acts between October 25, 1985 and November 30, 1986 and again during the
period of time from December 1, 1986 to November 22, 1989. The first set of
dates corresponds with the time in which the family was living in an apartment;
the second set of dates corresponds with the time in which the family was living
in a house.

convictions, alleging (1) his right to a fair trial was violated by the introduction of
expert testimony that vouched for the victims credibility; (2) his right to a fair
trial was violated by the admission of sexually-oriented physical evidence and
testimony; (3) his right to due process was violated because the evidence
presented at trial was insufficient to support his conviction; (4) he received
ineffective assistance of counsel during the state court proceedings; and (5) his
right to a definite deadline for retrial was violated.
In reviewing the grant or denial of a petitioners habeas corpus petition,
this court accepts the district courts factual findings unless they are clearly
erroneous and reviews its legal conclusions de novo. See Richmond v. Embry,
122 F.3d 866, 870 (10th Cir. 1997); Hill v. Reynolds, 942 F.2d 1494, 1495 (10th
Cir. 1991). The scope of this courts review is limited to reviewing a petition only
for a violation of the Constitution, laws, or treaties of the United States. See
Romano v. Gibson, 239 F.3d 1156, 1166 (10th Cir. 2001); Jackson v. Shanks, 143
F.3d 1313, 1317 (10th Cir. 1998). A federal court may grant habeas corpus relief
due to state evidentiary errors only if the error was so grossly prejudicial that it
fatally infected the trial and denied the fundamental fairness that is the essence of
due process. See Williamson v. Ward, 110 F.3d 1508, 1522 (10th Cir. 1997).
Because Hellums filed his habeas corpus petition before the effective date of the

Antiterrorism and Effective Death Penalty Act of 1996 (AEDPA), pre-AEDPA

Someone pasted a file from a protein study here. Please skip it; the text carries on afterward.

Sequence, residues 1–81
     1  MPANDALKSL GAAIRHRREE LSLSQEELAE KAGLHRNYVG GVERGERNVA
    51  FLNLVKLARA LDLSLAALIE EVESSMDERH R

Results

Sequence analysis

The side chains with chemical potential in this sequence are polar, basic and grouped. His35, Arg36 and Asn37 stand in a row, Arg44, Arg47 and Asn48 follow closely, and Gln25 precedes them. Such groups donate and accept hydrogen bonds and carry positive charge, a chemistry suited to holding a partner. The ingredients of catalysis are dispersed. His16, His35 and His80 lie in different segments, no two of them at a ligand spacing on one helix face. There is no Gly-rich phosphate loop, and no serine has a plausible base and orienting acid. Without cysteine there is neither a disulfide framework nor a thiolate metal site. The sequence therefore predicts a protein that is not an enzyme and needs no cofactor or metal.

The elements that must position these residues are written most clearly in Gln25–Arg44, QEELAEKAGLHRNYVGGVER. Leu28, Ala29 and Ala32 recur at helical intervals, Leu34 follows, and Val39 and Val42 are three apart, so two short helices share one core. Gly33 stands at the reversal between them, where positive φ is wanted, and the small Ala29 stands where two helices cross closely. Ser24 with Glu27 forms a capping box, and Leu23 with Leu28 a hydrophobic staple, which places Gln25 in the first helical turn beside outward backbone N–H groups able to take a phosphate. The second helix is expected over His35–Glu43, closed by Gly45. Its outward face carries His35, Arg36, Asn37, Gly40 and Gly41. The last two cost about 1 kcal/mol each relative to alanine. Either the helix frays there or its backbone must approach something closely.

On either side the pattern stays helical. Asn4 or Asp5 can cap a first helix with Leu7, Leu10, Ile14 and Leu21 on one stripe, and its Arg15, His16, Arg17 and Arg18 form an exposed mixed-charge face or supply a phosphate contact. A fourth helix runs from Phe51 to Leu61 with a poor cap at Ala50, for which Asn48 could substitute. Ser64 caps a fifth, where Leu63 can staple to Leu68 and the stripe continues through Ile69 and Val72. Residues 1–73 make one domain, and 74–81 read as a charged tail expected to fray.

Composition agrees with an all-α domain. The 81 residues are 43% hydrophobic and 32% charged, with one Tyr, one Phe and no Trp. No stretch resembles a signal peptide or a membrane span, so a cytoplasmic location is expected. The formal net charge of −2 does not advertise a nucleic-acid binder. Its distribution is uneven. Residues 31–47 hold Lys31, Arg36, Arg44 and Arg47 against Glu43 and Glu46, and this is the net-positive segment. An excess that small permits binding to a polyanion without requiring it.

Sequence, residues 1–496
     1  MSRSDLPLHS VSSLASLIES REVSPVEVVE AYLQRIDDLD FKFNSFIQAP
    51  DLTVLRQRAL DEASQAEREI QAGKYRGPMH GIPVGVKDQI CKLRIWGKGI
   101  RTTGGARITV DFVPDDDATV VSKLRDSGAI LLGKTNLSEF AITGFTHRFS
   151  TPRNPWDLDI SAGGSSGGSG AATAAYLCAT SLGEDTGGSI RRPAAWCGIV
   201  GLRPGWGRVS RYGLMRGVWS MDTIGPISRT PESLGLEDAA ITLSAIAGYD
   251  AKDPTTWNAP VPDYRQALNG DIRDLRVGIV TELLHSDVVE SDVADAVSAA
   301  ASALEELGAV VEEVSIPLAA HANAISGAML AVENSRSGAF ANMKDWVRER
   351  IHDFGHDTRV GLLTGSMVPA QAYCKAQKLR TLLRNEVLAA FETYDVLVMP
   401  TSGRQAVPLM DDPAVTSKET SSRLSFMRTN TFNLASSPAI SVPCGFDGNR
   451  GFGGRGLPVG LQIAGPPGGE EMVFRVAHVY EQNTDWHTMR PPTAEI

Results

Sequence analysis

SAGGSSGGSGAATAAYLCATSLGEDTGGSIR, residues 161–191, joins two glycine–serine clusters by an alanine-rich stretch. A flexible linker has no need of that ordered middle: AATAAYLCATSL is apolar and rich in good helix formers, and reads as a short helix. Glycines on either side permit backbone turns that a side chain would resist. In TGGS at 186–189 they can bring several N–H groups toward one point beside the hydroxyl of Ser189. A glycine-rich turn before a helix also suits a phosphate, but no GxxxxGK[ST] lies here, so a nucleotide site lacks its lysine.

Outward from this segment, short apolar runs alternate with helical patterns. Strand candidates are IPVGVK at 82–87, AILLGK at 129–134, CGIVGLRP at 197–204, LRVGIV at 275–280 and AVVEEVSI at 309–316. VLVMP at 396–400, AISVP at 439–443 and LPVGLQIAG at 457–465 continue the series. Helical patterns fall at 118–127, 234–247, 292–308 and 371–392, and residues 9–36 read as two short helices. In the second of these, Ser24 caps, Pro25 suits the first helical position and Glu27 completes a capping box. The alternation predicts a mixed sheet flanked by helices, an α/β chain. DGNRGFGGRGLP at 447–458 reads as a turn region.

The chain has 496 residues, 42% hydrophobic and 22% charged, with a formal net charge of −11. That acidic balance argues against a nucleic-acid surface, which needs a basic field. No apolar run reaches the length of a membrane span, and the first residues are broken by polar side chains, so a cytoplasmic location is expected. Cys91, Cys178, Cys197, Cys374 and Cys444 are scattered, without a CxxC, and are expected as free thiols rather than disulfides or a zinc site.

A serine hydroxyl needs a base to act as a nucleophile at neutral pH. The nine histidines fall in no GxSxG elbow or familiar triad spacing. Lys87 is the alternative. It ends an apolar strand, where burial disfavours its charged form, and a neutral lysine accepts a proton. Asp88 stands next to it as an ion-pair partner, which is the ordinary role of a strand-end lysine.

standards apply to the case. See Moore v. Gibson, 195 F.3d 1152, 1160-61 (10th
Cir. 1999). 2
A. Expert Testimony
At Hellums trial, the state elicited testimony from several witnesses who
examined the victim after the alleged sexual abuse came to light. Two of the
witnesses were Julia Barker, a child and family counselor, and Dr. Robert
Zussman, a clinical psychologist. In seeking habeas relief below, Hellums alleged
both of these expert witnesses impermissibly vouched for the victims credibility
by indicating that they believed her allegations. Hellums claimed the vouching
invaded the jurys province to determine the victims credibility in violation of
his right to due process.
Because this appeal was filed after the effective date of the AEDPA,
Hellums was required to obtain a certificate of appealability (COA). See Slack v.
McDaniel, 529 U.S. 473, 481-82 (2000) (holding the post-AEDPA version of 28
U.S.C. 2253 controls petitioners right to appeal denial of habeas relief when
appeal is filed after effective date of AEDPA). Respondent claims the district
court issued a COA only on the issue of the expert witness testimony relating to
the victims credibility. Hellums, on the other hand, argues the district court
issued a blanket COA to its order denying relief on the other issues Hellums
raised in his habeas petition. Cf. LaFevers v. Gibson, 182 F.3d 705, 710-11 (10th
Cir. 1999) (noting that blanket COAs are improper but that once COA is granted,
even if erroneously, this court must review the merits). Regardless of whether the
district court granted a blanket COA, this court concludes Hellums made a
substantial showing of the denial of a constitutional right which leads this court